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Rossini's Overlooked 'Otello'

Rossini's operatic version of Shakespeare's <em>Othello</em> came long before Verdi's, and is now rarely performed.
Wikimedia Commons
Rossini's operatic version of Shakespeare's Othello came long before Verdi's, and is now rarely performed.

It's often said that imitation is the sincerest form of flattery. But when it comes to music there are times when that flattery winds up more famous than its inspiration.

For example, who comes to mind when the soul hit "Respect" is mentioned? Aretha Franklin, right? Well, fair enough. Still, the first version of the tune was actually written and released a couple of years earlier than Aretha's — by Otis Redding. He was a legend in his own right, but Redding's original version of "Respect" is sometimes, well, disrespected.

The same thing happened to a legendary opera composer when Giuseppe Verdi's Otello was premiered in 1887. That opera quickly became a landmark among musical settings of Shakespeare. But Verdi wasn't the first great composer to score a hit with an opera based on Othello — it had already been done seven decades earlier by Gioachino Rossini.

Rossini's Otello seldom gets its due in today's theaters. And it may have been overshadowed not just by Verdi's opera, but also by a couple of Rossini's own works. Its 1816 debut was sandwiched between the premieres of two immensely popular Rossini comedies: The Barber of Seville and La Cenerentola.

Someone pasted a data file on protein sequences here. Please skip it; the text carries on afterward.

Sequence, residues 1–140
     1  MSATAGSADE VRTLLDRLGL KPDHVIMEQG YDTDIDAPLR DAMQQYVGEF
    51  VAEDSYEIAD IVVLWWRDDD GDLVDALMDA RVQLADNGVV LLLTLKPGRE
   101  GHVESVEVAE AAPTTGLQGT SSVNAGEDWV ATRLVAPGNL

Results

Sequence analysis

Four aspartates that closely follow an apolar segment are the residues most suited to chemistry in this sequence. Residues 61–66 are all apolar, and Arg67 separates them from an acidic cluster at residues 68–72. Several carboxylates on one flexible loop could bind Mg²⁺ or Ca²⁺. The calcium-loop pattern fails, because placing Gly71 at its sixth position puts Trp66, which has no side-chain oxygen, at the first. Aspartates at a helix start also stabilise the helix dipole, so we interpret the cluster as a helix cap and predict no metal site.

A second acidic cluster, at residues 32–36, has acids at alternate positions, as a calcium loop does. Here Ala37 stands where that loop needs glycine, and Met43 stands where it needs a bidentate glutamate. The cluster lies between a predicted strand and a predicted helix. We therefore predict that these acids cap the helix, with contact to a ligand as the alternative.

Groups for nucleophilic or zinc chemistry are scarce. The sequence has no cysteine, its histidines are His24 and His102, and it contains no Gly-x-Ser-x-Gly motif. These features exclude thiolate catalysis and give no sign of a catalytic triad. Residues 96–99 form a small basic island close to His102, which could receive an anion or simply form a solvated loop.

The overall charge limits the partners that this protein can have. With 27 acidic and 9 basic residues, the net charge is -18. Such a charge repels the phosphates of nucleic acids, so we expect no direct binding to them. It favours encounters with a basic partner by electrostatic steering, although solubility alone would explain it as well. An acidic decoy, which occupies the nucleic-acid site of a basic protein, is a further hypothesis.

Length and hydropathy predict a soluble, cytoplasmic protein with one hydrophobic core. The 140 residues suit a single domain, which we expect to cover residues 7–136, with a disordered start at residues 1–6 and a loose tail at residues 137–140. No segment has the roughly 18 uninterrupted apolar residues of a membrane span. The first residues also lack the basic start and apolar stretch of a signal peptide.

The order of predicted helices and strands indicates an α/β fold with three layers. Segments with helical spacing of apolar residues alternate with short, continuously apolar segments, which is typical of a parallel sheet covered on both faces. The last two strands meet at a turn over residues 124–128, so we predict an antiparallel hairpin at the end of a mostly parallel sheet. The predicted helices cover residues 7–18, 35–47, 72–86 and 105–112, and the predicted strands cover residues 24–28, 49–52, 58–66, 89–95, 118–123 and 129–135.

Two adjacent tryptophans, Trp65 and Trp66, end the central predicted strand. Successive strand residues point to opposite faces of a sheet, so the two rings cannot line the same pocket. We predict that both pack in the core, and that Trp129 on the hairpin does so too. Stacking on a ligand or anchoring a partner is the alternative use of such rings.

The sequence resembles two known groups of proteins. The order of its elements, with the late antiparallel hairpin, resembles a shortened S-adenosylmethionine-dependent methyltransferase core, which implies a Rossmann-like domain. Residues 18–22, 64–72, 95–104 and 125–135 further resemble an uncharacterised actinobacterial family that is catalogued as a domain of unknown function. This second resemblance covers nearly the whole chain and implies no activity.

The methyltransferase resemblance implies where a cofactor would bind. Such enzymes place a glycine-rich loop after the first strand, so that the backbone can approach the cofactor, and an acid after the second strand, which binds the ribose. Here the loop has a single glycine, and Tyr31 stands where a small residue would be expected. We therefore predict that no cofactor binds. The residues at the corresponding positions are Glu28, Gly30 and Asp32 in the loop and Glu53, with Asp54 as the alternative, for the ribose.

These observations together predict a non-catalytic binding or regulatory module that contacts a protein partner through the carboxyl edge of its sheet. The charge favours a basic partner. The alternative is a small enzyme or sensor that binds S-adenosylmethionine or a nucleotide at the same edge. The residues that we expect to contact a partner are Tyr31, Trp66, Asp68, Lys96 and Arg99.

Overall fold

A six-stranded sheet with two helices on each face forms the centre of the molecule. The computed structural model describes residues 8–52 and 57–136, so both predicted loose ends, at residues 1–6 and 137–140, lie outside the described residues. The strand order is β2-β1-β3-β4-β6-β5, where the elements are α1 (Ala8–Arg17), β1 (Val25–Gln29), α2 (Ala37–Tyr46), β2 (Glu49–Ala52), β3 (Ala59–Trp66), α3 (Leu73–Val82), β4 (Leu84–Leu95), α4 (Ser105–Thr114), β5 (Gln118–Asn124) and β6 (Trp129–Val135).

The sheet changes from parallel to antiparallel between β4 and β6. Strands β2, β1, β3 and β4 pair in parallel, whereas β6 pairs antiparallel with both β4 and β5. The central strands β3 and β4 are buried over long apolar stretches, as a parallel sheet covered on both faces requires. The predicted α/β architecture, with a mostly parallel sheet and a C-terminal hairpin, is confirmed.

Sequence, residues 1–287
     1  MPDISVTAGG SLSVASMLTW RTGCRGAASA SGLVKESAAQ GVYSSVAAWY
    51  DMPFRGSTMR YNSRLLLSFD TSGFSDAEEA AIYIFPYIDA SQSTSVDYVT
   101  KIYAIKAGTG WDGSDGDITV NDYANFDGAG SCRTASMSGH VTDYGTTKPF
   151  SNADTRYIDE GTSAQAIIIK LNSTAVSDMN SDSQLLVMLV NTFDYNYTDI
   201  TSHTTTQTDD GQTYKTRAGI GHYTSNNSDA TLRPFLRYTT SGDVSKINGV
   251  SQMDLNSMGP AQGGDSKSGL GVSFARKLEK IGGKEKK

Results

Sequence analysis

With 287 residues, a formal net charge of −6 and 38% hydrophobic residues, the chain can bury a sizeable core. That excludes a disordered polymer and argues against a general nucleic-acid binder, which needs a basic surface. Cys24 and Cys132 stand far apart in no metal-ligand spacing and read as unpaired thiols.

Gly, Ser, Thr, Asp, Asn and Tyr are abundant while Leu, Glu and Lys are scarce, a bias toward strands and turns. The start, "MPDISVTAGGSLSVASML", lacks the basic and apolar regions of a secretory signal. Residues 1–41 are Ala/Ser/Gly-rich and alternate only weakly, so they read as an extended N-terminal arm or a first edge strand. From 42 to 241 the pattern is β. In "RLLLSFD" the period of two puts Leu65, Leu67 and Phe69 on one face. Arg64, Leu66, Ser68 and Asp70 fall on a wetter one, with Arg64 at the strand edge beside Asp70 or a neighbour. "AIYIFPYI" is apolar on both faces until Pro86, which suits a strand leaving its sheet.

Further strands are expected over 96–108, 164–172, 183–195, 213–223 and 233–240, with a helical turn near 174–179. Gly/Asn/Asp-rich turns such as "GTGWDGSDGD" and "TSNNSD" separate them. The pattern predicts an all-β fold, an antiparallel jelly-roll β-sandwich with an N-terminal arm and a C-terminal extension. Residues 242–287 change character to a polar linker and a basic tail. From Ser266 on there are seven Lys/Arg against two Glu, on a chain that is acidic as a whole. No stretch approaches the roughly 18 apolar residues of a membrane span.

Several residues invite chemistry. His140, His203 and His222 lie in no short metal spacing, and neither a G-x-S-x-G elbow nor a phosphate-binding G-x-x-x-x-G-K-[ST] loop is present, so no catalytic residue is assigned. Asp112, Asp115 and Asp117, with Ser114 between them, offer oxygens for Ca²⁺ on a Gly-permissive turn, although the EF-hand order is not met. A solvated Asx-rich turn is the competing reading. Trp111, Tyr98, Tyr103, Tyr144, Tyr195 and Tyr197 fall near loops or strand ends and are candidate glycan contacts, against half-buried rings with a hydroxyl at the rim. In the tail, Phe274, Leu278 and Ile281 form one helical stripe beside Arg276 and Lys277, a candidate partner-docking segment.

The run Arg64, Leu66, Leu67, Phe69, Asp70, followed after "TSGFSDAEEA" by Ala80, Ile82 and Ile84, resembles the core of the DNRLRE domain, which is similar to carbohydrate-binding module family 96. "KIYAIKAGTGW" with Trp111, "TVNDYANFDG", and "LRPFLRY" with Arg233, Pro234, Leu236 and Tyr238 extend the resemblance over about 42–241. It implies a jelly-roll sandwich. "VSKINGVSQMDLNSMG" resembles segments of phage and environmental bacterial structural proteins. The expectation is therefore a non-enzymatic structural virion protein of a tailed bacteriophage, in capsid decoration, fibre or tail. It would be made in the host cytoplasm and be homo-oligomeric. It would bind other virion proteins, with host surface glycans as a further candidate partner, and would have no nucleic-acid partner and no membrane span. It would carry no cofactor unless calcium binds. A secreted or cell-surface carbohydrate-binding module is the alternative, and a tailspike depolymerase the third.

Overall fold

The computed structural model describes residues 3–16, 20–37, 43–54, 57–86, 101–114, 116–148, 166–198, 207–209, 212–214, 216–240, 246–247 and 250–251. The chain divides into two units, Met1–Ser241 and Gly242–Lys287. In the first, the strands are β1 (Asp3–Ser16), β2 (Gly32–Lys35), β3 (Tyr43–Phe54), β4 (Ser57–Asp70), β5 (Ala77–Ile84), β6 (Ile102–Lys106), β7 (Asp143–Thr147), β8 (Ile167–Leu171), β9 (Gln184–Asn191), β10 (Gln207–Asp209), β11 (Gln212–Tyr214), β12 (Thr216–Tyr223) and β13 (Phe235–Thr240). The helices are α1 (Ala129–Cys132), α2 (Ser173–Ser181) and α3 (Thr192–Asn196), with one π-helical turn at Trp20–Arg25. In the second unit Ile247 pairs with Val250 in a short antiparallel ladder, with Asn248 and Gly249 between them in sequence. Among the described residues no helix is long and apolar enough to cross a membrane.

Later on, lovers of both music and Shakespeare may have decided that Verdi's opera simply hews more closely to the original play. But, while Rossini's Otello may stray a bit from Shakespeare at the start, by the time the opera's last act begins, the composer and the bard seem joined at the hip in a hair-raising finale that rivals even Verdi's masterful tragedy.

The final act of Rossini's Otello was also a significant moment both in Rossini's career and for opera as a whole. The drama's first two acts are in a fairly traditional opera seria style. But with his third act, Rossini seems to enter a whole new world of freely flowing dramatic expression, carried by intensely emotional music. Even the subject matter was daring. Early 19th-century operas almost always had happy endings, even if they had to be engineered using preposterous plot twists. But, as in Shakespeare's play, the end of Rossini's opera is both tragic and disturbing, even today.

On World of Opera, host Lisa Simeone present's Rossini's Otello from the Champs-Elysées Theatre in Paris, with tenor John Osborne in the title role and soprano Anna Caterina Antonacci as Desdemona, in a production led by conductor Evelino Pidò.

See the previous edition of World of Opera or the full archive.

Copyright 2011 WDAV

Bruce Scott
Bruce Scott is supervising producer of World of Opera. He also produces NPR's long-running, annual special Chanukah Lights, with Susan Stamberg and Murray Horwitz.